Every city has its shantytowns, tenements, projects and favelas; cramped, tightly-knit urban regions in which people are thrown together, joined by poverty and a sense of stagnation. These spaces form a teeming world of their own within the larger macrocosm of the city, connected but self-contained. Life is stacked upon life in a confined area, making the situation rife for story telling; a perfect stage setting of tension and drama. People struggle to survive from day to day, and dream of escape. They form a network of friendship and support, but crowded conditions breed pressure, and the threat of violence is never distant. Privacy is scarce when one person’s front door opens onto another’s and a network of alleys or balconies forms the veins that connect them all. This is brilliant fodder for movies, but it makes for good songs, as well. So this week’s Sunday interactive playlist is on the subject of cramped urban housing.
Here’s a picture that Isaac drew a few weeks ago. He started drawing “city towers,” and then he got caught up drawing these crazy rambling houses that sprawl up the hillside, and connect and expand and have levels and layers and turrets. The oval area in front is an underground space where they meet (and apparently practice math facts!)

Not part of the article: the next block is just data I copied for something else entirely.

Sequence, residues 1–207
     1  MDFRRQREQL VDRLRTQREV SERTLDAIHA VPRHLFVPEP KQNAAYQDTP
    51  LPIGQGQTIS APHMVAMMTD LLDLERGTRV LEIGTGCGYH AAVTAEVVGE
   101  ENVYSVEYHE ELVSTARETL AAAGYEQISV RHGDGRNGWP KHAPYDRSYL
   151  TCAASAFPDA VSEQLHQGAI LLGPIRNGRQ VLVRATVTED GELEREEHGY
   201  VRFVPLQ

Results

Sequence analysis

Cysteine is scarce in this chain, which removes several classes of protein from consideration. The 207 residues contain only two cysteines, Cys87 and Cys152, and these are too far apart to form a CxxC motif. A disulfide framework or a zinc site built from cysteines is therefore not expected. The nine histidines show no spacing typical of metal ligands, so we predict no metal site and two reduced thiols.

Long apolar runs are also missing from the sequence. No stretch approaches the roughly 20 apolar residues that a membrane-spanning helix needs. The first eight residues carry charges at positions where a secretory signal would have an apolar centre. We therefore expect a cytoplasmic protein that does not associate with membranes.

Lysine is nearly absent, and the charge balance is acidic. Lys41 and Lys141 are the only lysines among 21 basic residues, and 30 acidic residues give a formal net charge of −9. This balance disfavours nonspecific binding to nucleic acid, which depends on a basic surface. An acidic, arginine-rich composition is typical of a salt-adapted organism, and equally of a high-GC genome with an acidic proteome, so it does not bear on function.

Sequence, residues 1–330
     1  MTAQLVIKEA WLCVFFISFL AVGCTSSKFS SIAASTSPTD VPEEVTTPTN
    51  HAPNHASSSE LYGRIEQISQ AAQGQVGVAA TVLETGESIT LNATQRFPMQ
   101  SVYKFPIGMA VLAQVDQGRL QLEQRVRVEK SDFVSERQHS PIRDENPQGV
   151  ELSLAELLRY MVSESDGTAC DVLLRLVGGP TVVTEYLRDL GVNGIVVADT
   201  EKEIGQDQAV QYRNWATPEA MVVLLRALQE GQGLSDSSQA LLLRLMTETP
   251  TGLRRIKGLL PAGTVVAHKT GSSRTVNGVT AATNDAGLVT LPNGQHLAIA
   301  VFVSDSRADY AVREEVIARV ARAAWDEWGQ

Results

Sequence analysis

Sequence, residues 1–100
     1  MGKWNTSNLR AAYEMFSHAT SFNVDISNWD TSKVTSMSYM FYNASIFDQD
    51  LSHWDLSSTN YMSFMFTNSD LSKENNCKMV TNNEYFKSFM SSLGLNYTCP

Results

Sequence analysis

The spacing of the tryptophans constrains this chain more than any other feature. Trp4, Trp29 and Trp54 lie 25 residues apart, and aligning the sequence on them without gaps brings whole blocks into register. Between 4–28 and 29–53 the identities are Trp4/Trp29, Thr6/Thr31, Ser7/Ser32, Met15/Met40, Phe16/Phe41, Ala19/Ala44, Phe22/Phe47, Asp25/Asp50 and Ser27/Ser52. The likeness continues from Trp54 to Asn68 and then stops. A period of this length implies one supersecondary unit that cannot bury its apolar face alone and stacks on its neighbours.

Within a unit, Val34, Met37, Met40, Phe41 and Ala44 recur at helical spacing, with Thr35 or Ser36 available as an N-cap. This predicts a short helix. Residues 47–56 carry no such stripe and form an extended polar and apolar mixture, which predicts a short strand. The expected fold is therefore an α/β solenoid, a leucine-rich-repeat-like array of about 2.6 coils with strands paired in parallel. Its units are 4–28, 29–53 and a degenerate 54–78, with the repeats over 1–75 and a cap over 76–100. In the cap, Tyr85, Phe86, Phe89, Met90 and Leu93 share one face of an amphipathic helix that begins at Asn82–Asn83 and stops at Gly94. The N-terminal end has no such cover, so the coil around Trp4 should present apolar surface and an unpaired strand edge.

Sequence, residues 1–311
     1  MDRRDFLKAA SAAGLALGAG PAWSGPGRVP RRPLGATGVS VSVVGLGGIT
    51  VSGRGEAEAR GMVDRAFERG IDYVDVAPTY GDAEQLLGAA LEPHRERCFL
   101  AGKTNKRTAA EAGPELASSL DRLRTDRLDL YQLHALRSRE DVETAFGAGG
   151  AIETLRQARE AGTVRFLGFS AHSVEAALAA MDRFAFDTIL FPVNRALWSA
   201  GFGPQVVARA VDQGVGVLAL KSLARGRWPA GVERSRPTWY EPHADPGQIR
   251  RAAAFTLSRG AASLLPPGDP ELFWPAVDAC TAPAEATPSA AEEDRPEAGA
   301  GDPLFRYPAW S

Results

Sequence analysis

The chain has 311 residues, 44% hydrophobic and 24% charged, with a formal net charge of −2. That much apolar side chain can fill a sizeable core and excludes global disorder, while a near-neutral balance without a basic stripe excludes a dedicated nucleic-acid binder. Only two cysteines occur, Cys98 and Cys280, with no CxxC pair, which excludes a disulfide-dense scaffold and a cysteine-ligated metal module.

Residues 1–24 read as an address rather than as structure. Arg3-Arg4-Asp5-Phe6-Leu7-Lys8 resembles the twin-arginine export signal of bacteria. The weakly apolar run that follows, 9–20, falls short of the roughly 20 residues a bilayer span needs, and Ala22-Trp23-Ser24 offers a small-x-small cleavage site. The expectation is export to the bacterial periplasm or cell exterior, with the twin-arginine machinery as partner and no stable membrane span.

This pasta is kind of like his labyrinthine spread. It’s handmade pasta for people who don’t have a pasta maker. What you do is this…you make pasta dough (which is fun and easy!) You roll it as thin as you possibly can (which is a bit of work, but also fun!) You cut it into any shape you like – triangles, squares, rectangles. You fill each one with a spoonful of delicious filling, then you wrap it up any way you like – each one a different shape. Some you roll in tubes, some you make in pockets. Some you put seam-side down, some you put seam-side up. You pile them on top of each other or next to each other. (You try not to get too great a concentration of layers of pasta in one place, so it’s not stodgy.) You cover them with a delicious smoky sauce made of pine nuts and roasted red peppers. You sprinkle mozzarella on top. You bake the pasta. It has nice soft pockets of filling, some lovely melty cheese, some crispy parts where the pasta sticks out and crisps up as it bakes. And then you eat it! You could also easily use this filling and this sauce to make lasagna, stuffed shells, manicotti, or any other sort of stuffed baked pasta that you buy at the store. And that’s that!
2 cups flour
1/2 t salt
lots of black pepper
bit of water, if necessary